So TYA/USA’s biggest event-One Theatre World in conjunction with Cleveland’s Playhouse Square and their acclaimed International Children’s Festival is in full swing! Who is having a rockin time in Cleveland? Who is crushed that you can’t make it this year?
Well to whet your appetite , learn more about the speakers you heard or took classes from, (or to rub it in that you aren’t in Cleveland this week), David Kilpatrick and Alicia Lark Fuss interviewed the keynote speakers and master class facilitators. Excerpts from the interviews are in TYA Today. Here is the entire interview.
Daryl is teaching a master class at One Theatre World.
1) What is the first play you remember seeing that made an impression?
One of the first shows that really made an impression on me, was Rhinoceros by Eugene Ionesco. It was the first time I’d seen a show that broke all form of the traditions of theatre that I’d become used to. Bizarre, funny, the use of imagery and metaphor blew my mind and started my teenage obsession with all things absurd!
2) What upcoming project(s) are you most excited about in 2013?
In 2013 Kazzum will be producing the final part of our Site-Specific trilogy for teenage audiences. a series of three site specific, promenade performances that evolve and become more ambitious, but with a central character that we meet at different stages of her life over a 6 year period. It began in 2008 with ‘HUNT’, then in 2011 with ‘The Girl Who..’ and now 2013 with ‘Waiting Game’! These shows do not fit the classic idea of “children’s theatre”, it’s fully-fledged “grown-up” theatre that deals with complex ideas and mature themes that are relevant to them, produced and delivered in a way that is accessible without being simplistic.
3) If you could have a coffee (or an adult beverage) with someone in or related to the field of TYA (living or deceased), who would it be and why?
Although only slightly related to the field of TYA I would love to have a coffee with Tim Burton. His views on young audiences and their intelligence has always chimed with mine. He never underestimates his audience and provides such a rich visual and quirky view of the world, life and death…. He doesn’t shy away from the ‘taboo’ and I respect that.
4) What advice would you give to a graduating student seeking to enter this field?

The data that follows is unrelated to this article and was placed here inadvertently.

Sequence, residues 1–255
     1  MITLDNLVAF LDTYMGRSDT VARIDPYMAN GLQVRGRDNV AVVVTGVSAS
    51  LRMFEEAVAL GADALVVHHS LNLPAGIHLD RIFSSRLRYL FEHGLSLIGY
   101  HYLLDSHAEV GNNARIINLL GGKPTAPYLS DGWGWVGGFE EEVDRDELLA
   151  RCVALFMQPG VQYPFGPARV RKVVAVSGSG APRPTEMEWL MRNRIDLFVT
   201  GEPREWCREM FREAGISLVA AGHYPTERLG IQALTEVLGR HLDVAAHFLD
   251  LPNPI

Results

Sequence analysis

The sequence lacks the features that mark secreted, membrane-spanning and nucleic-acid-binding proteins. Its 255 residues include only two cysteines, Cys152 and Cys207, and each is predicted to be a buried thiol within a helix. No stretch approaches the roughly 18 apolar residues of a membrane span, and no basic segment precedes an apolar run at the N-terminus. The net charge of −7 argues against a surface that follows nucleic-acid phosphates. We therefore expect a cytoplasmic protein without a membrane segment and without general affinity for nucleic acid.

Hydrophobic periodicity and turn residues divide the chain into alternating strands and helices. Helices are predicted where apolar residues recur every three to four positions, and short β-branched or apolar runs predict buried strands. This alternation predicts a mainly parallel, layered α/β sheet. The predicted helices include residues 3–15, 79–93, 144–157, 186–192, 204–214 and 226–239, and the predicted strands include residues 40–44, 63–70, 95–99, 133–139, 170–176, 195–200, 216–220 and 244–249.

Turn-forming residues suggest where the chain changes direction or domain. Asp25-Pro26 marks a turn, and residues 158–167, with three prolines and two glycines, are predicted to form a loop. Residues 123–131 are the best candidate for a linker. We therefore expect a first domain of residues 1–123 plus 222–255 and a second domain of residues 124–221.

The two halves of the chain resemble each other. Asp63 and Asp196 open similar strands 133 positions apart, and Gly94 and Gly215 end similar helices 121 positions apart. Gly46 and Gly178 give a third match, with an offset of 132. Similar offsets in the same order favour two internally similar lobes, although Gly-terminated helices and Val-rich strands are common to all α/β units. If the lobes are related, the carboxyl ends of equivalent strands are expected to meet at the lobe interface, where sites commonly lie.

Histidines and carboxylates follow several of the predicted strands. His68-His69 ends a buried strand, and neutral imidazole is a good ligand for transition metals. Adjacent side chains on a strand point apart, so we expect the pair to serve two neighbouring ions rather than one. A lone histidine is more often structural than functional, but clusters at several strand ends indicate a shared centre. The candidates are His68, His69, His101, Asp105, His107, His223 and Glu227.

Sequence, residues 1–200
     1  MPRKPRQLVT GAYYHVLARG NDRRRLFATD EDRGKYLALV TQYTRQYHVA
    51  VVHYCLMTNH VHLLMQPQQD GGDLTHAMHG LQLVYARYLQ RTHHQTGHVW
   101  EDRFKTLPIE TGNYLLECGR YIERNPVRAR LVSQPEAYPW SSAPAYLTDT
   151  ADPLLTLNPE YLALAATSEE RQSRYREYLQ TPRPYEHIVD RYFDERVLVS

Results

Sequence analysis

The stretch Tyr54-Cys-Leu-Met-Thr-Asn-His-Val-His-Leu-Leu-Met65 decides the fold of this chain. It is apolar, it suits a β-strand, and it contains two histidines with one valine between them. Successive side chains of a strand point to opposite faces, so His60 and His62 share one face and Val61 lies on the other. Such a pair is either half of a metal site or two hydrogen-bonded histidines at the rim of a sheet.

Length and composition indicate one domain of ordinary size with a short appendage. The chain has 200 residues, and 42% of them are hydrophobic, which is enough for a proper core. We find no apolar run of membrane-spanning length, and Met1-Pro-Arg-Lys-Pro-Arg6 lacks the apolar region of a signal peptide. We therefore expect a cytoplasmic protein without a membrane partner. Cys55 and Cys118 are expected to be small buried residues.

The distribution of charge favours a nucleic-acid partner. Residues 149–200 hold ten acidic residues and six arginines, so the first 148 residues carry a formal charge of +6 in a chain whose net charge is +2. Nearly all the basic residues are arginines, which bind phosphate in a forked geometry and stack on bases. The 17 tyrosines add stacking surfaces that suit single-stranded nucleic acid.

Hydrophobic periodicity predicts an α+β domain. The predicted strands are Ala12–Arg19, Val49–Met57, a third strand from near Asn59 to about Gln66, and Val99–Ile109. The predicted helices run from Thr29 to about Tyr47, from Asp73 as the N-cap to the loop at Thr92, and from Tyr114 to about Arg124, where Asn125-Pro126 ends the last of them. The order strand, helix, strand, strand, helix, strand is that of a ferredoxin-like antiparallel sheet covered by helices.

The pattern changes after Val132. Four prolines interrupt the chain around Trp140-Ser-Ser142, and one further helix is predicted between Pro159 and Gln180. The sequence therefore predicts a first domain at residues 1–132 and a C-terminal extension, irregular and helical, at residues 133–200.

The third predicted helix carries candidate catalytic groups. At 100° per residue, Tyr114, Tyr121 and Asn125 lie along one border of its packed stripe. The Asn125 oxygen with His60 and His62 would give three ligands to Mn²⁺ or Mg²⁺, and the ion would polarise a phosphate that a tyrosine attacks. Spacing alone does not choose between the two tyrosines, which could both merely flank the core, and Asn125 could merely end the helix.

Don’t underestimate your audience, give it a go, take risks and listen to your audiences. Many people describe young audiences as the “audiences of tomorrow”. For me this is an insult to our work and the audiences. Our role is to provoke the imaginations of today’s young audiences, so their inspired and want to come back tomorrow.
5) What are you most excited about regarding attending One Theatre World?
I’m excited to be invited, it’s a great opportunity to see work, meet other theatre makers and explore different people’s approaches to making theatre for young audiences. A chance to look beyond the confines of your own country and feel a part of a One Theatre World.
Daryl Beeton is Artistic Director at Kazzum, a theatre company dedicated to producing fresh, relevant theatrical experiences for young audiences up to the age of 16. Kazzum produce outdoor family shows for children up to the age of eight, and more grown-up site specific shows for young people aged ten and upwards. Yet theatre isn’t theatre without an audience, so young people are crucial to what Kazzum do at every stage.
Kazzum is an inclusive company and works with Disabled and non-Disabled artists, audiences and participants. Kazzum don’t create work just to explore issues but, like all good theatre, intend to make young people think.
As recognition of his work in this field, Daryl was named as a cultural leader in 2010 as part of the Independent Streets Arts Network (ISAN) Outdoor Arts Leadership Network. The Network consists of 15 current leaders and innovators, creating and producing work in the outdoor arts sector.
A disabled director and performer, Daryl started his career at Central Television Drama Workshop, in Nottingham, where he performed in a variety of children’s TV shows. Working as an actor for many years, in theatre, radio, TV and film, allowed Daryl to explore and formulate his own approach.